BEIRUT: Lebanese Prime Minister Hassan Diab and Finance Minister Ghazi Wazni have signed a request for aid from the International Monetary Fund (IMF).
Diab called it an “historic moment” in the history of Lebanon. “We have taken the first step on the path of saving Lebanon from the deep financial gap and it would be difficult to get out of it without efficient and impactful help,” he said.
Lebanese politicians have traded blame over who is responsible for the country’s financial crisis, the worst since its 15-year civil war ended in 1990.
International donors have long demanded that Lebanon institute major economic changes and anti-corruption measures to unlock $11 billion in pledges made in 2018.
But the country’s economic crisis deepened, and the cash-strapped government announced in March it was defaulting on its sovereign debt for the first time.
The request for IMF aid comes as thousands of people lose their jobs and key sectors buckle under the double-whammy of a worsening economic situation and the coronavirus pandemic.
The Lebanese Ministry of Labor said it had received 234 requests between Oct. 17, 2019, and April 30, 2020, to terminate employment contracts.
The figure means 5,012 registered workers have lost their jobs, but it is believed that this number is not realistic and that hundreds of institutions have terminated employment contracts with their employees without informing the ministry.
Acting president of the General Labor Union, Hassan Fakih, said that more than 75 percent of institutions, especially those in the tourism, industrial, commercial, and transport sectors, had closed because of dire straits.
“More than 60 percent of workers and employees have left their workplaces, while the rest are working in dangerous conditions in hospitals, retail stores, food factories, and transportation,” he told Arab News.
“Some of them are receiving half or quarter a salary. Hundreds of thousands of workers have been laid off. Many of them did not even receive compensation in light of the disrupted judiciary. The government has not taken the appropriate, rapid, and transparent measures, and it suspiciously slowed the distribution of planned aid, leaving people to two options: Dying of hunger or allowing the coronavirus epidemic to claim their lives.”
Coca-Cola said Thursday that it would permanently shut down in Lebanon and lay off all its employees, the second time it has ceased operations in the country. The first time was during the civil war.
The news followed the prestigious Le Bristol Hotel in Beirut saying that it was closing its doors permanently and laying off its employees.
The worsening situation and the return of the political old guard, despite a new government promising reforms, has led people to resume their protests amid the coronavirus shutdown.
Labor Day, an official holiday in Lebanon, gave activists the chance to reoccupy public squares and restore the tents that security forces had removed to prevent gatherings during the pandemic.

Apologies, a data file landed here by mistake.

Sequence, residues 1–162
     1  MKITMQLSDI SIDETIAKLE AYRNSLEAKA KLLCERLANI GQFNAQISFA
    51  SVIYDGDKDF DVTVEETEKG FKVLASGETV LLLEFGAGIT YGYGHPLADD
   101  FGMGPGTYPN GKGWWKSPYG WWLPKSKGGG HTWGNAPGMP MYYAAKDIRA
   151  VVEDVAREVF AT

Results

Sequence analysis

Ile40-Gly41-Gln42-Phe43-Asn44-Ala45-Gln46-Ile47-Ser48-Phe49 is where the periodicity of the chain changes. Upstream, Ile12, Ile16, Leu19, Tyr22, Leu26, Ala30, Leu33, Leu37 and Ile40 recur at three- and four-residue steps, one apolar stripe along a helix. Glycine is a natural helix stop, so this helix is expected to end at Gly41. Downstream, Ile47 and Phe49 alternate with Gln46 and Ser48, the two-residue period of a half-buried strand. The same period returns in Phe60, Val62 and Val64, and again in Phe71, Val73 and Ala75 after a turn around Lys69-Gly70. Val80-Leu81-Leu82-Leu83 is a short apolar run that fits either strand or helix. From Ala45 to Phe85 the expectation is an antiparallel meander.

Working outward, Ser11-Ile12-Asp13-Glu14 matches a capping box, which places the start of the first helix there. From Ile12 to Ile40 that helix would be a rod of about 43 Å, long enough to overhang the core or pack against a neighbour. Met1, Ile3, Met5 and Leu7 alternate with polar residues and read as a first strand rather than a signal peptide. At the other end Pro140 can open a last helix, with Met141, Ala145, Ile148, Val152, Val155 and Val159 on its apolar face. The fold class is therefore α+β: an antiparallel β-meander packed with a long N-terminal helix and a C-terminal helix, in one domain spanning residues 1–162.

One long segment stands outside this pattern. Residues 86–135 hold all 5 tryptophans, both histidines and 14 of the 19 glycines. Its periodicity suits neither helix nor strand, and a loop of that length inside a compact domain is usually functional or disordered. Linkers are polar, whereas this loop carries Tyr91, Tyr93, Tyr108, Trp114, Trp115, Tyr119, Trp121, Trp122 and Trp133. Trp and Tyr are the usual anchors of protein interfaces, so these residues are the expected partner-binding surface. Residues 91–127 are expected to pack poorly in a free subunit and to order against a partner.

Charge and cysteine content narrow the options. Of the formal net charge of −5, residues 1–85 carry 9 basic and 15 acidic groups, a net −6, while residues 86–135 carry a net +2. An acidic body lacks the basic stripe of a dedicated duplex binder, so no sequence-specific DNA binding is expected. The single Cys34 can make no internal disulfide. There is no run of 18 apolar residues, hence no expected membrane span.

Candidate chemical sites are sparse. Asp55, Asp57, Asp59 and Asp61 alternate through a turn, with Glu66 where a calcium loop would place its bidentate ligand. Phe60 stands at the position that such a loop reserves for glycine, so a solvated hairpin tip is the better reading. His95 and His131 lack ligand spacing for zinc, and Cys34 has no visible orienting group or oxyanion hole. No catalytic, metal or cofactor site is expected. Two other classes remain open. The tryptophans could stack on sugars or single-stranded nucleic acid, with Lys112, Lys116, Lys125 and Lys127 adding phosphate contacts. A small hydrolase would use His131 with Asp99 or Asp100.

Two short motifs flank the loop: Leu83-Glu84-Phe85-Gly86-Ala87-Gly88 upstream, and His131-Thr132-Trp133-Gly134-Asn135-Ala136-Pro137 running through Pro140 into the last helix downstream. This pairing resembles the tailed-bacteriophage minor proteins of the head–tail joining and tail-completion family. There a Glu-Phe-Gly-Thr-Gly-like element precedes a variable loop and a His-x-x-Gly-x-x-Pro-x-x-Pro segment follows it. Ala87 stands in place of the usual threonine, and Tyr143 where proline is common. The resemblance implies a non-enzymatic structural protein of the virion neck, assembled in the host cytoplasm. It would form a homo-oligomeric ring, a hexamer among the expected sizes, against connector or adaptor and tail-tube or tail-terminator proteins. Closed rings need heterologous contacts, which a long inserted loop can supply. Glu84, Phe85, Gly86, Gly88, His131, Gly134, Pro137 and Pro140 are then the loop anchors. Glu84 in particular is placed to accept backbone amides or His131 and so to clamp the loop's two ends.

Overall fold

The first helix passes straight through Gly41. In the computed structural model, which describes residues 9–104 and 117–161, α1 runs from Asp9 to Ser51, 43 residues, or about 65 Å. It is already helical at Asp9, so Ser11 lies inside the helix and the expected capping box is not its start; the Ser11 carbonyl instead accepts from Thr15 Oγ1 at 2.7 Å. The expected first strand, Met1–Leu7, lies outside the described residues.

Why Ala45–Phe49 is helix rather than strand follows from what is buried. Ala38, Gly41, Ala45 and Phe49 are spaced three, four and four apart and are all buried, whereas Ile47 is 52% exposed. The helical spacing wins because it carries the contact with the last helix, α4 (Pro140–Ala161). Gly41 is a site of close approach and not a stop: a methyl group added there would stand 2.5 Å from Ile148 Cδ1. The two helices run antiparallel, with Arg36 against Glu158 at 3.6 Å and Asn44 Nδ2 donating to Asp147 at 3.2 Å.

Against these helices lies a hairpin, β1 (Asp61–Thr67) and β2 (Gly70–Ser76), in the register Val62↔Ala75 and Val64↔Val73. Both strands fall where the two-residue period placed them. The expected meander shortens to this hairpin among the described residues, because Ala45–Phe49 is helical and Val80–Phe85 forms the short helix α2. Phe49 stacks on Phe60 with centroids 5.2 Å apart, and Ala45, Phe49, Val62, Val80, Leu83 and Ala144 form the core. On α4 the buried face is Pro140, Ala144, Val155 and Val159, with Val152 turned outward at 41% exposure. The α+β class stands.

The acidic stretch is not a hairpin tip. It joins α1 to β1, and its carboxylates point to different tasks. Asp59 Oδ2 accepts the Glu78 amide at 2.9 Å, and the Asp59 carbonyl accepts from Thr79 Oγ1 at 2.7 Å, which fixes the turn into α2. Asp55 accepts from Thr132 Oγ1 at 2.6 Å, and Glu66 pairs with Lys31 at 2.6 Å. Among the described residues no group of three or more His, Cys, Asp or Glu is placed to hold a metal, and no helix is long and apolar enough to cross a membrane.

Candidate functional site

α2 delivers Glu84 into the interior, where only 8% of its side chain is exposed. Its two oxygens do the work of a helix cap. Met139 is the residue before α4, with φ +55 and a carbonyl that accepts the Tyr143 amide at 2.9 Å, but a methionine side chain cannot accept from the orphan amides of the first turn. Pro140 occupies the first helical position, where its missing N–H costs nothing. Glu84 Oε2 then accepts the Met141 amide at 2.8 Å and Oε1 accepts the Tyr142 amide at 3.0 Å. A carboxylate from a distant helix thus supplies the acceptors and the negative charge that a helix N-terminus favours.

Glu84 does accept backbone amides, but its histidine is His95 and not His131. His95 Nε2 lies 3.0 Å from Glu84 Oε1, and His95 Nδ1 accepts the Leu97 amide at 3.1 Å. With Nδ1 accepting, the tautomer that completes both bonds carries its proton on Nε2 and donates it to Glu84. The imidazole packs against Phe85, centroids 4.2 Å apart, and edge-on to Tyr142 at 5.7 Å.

The activists took to Riad Al-Solh and Martyrs’ squares in the center of Beirut. They staged a sit-in outside the Banque du Liban on Hamra Street, the Ministry of Labor, and the Ministry of Social Affairs.
They also demonstrated in Aley in Mount Lebanon, in Nabatieh, Tyre, and Rachaya in the south, and in Tripoli in the north. There were chants against corruption and “the officials who looted the country.” People waved the Lebanese flag and raised banners on which they wrote their demands.
Activists believe that the reform plan approved by the government on Thursday aims to burden people with the economic collapse while relieving those in power of accountability.
Army units were brought in to prevent riots. Some banks resorted to shielding their glass windows with iron plates to avoid damage after riots in some areas affected branches.
Retired Brig. Gen. George Nader, who is involved in the movement, said they had no confidence in a government of “disguised” advisers. “The economic plan has not addressed any of the main files,” he added. “The solution is to recover the stolen money — there is no other solution.”
Ján Kubiš, the UN secretary-general’s representative in Lebanon, tweeted that peaceful protests were not only a right, they were a “critical necessity” to continue pressing on the government and, at times, reluctant political forces to implement deep structural reforms for a better, just and dignified future for the Lebanese. “They will always have full support of the UN,” he added.
According to World Bank estimates, 45 percent of Lebanese people live in poverty, while the proportion of extreme poverty expanded from 8 percent to 20 percent.
Minister of Labor Lamia Yammine promised to follow up on labor protection policy by announcing an emergency plan to address cases of mass layoffs.
Yammine said that 30 percent of institutions in Lebanon were closed, while 20 percent were paying salaries reduced by half.